Private lives of the rich or celebrated or infamous kinds in New York often resemble one of those inside-out buildings designed by the architect Richard Rogers in the 1970s; like the Pompidou Centre in Paris, with its exterior escalators and air-conditioning ducts, or the Lloyd’s building in London, where lifts and pipes are part of the facade, what one expects to be private in New York is public discourse.
An entire book could be written on the spectacle and politics of emotional display in New York, and if Tom Barbash’s On Top of the World is not that volume, it is an addition to the extensive raw material, as well as another contribution to that burgeoning subcategory known as ‘Nine Eleven’.
Howard Lutnick is the head of Cantor Fitzgerald, the bond-trading firm whose offices were once between the 101st and 105th floors of the north tower of the World Trade Center, the first to be struck on 11 September, 2001. No one on or above the 96th floor, where the United Airline plane exploded, survived. Among those who worked for Lutnick and who died were his brother and his best friends; Cantor lost 658 employees – a third of the company.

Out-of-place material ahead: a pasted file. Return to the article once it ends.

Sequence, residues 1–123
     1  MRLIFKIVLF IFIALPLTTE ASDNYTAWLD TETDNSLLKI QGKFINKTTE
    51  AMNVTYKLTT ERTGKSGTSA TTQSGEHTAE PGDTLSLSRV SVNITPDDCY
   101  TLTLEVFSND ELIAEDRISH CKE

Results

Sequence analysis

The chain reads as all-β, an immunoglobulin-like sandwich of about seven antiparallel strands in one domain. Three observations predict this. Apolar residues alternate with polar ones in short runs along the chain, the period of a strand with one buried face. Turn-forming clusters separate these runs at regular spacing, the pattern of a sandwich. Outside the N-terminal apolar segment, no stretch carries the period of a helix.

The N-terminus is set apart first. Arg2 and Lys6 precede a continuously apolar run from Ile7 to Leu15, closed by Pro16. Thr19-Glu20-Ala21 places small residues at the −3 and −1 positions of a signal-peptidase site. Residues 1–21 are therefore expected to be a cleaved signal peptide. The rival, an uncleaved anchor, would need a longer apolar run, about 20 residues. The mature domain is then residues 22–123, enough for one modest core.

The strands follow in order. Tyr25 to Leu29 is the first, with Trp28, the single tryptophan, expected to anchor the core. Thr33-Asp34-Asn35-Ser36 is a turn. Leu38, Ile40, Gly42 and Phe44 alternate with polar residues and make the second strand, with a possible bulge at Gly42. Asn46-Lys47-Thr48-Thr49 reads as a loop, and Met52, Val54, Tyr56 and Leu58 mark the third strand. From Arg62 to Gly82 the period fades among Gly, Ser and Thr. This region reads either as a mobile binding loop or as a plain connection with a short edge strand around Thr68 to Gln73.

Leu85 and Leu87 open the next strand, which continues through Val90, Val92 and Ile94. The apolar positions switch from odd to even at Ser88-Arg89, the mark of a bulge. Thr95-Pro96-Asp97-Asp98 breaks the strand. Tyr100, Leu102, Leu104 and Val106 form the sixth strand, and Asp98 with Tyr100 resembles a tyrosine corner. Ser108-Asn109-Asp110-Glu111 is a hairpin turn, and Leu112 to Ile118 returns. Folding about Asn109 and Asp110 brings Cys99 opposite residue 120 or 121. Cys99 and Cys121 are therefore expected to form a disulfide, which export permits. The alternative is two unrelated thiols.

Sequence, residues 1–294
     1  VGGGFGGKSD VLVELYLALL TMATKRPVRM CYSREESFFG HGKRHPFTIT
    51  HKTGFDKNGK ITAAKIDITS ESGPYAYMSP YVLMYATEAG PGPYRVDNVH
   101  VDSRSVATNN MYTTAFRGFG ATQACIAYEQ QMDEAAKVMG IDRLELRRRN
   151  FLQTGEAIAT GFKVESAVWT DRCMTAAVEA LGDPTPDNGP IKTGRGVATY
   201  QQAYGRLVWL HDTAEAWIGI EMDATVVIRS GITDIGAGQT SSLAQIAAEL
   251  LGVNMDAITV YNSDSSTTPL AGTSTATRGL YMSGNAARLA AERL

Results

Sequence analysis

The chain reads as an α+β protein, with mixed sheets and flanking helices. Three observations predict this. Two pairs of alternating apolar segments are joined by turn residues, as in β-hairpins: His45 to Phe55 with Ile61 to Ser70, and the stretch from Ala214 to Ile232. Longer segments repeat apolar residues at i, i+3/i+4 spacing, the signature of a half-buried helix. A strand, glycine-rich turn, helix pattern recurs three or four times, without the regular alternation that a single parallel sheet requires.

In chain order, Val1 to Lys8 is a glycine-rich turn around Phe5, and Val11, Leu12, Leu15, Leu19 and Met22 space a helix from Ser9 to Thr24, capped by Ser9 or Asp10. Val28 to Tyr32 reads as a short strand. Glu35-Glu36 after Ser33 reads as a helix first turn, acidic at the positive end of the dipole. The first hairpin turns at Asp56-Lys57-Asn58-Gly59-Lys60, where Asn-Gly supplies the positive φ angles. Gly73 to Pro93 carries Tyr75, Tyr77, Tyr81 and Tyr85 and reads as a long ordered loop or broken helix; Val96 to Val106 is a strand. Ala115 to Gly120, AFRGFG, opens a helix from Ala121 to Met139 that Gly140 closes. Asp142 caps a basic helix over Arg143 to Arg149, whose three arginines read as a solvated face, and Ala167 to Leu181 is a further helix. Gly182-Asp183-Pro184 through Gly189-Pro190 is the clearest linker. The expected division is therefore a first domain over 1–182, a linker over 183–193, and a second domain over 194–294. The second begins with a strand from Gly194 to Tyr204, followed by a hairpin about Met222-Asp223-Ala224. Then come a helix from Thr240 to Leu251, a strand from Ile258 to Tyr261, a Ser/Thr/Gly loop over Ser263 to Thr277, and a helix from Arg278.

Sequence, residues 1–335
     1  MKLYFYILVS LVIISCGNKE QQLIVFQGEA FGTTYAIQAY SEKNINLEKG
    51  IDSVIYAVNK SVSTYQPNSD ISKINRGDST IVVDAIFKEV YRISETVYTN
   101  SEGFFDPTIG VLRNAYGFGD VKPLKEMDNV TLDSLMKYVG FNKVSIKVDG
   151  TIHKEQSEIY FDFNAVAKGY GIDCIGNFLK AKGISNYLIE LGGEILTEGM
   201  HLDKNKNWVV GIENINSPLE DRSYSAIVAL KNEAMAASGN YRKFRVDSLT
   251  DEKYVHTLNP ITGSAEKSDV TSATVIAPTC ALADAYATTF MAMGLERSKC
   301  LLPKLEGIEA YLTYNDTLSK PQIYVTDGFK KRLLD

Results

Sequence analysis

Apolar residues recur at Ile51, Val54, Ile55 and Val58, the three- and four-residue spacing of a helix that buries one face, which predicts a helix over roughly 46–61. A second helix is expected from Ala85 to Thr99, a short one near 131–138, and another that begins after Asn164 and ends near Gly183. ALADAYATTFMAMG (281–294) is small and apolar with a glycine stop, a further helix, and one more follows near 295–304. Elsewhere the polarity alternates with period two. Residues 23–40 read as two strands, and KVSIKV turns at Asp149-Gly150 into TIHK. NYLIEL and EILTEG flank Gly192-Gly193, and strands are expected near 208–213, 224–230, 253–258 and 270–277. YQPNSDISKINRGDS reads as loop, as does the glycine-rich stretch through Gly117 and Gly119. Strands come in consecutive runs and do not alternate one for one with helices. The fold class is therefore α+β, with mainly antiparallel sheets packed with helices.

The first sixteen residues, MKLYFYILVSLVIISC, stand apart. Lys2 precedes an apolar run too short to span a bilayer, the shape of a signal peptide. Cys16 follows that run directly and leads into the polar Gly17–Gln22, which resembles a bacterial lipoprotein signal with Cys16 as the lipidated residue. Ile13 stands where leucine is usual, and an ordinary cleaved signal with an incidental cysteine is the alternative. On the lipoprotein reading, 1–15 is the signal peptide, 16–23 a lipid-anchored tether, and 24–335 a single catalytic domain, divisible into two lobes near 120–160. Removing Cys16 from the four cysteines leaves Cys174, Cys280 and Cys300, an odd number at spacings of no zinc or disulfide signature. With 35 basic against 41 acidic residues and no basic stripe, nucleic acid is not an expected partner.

If Lutnick were the type of man who could settle at a desk he would have written this book himself, but he’s not that kind of man. He is a Master of the Universe, who became chief operating officer of Cantor at 29, its CEO soon after, and is, one senses, too impatient by temperament to write a book. Standing in for Lutnick is a college friend, Tom Barbash, who tells us that Cantor Fitzgerald, as much as any other US company, exemplifies American capitalism and Lutnick American moneymaking prowess – in other words everything al-Qaeda resents and wishes to destroy.